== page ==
Articles

Diversity and Pattern in the Developing Spinal Cord

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Science  15 Nov 1996:
Vol. 274, Issue 5290, pp. 1115-1123
DOI: 10.1126/science.274.5290.1115

Figures

  • Fig. 1.

    Polarized sources of inductive signals during spinal cord development. (A) Stages in the embryonic development of the spinal cord: The neural plate is generated as a columnar epithelium and is underlain by axial mesoderm cells of the notochord (N), and paraxial mesoderm (later the somites) (S) and is flanked by epidermal ectoderm (ECT). During neurulation, the neural plate buckles at its midline to form the neural folds and a floor plate (F) forms at its midline. The neural tube forms by fusion of the dorsal tips of the neural folds, generating roof plate cells at its dorsal midline and neural crest cells (NC), which emigrate from the dorsal neural tube. Neuroepithelial cells proliferate and differentiate into neurons located at different dorsoventral positions. Subclasses of commissural (C) and association (A) neurons differentiate dorsally, close to the roof plate, whereas motor neurons (M) and ventral interneurons (V) differentiate ventrally near the floor plate. Dorsal root ganglion (DRG) neurons are generated from post-migratory neural crest cells. (B) The diagram shows the source of ventralizing [Sonic Hedgehog (Shh), blue] and dorsalizing (BMPs, orange) inductive signals at sequential stages of spinal cord development. Shh is initially expressed in the axial mesoderm, and BMPs originate in the epidermal ectoderm flanking the lateral edges of the neural plate. At neural fold stages, Shh begins to be expressed by floor plate cells at the midline of the neural plate and BMPs by cells in the dorsal tips of the neural folds. After neural tube closure, BMP expression is lost from the epidermal ectoderm except at the dorsal midline but BMPs are now expressed in the roof plate and adjacent dorsal neural tube. At the onset of neuronal differentiation, BMP expression persists in the dorsal neural tube, and Shh expression is maintained in the floor plate.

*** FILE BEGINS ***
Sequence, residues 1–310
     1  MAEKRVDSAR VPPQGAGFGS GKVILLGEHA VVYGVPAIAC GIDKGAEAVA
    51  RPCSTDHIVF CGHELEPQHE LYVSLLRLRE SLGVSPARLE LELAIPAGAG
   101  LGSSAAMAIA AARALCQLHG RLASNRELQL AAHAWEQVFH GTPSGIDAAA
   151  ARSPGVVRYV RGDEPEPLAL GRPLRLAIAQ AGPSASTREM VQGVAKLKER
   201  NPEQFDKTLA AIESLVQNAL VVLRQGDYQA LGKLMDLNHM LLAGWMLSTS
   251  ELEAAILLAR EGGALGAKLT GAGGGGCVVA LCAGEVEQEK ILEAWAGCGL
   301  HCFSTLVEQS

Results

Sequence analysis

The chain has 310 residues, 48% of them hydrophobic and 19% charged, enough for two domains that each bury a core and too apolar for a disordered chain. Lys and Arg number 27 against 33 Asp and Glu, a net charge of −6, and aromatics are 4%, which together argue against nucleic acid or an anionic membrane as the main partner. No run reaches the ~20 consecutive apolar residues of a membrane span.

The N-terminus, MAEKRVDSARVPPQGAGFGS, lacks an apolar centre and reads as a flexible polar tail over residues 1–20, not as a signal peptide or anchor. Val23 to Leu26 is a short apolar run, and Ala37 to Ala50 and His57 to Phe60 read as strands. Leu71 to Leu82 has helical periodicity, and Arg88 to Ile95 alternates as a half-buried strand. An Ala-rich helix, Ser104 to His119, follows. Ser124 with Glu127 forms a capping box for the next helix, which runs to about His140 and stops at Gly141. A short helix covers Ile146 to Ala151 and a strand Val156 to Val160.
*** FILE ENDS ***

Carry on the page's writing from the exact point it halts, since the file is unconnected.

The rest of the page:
• Fig. 2.

    Mechanisms of neural induction in Xenopus embryos. (A) Ectodermal cells of the animal pole of gastrula-stage Xenopus embryos are subject to tonic BMP4-mediated signaling (red arrows), which promotes their differentiation into epidermal cells. Blockade of BMP4 signaling elicits the formation of anterior neural plate tissue. Exposure of ectoderm to FGFs under conditions in which BMP4 signaling is reduced or eliminated leads to the generation of posterior neural plate tissue. (B) A potential mechanism of action of anterior neural inducers derived from prospective axial mesoderm (the organizer region). Chordin, noggin, and follistatin are each secreted by organizer cells and induce neural tissue by blocking BMP4-mediated signaling between ectodermal cells. RI and RII, BMP receptor subunits. (C) Both noggin and chordin bind to BMP4. Follistatin can bind to BMP7 and possibly also to other BMPs.

  • Fig. 3.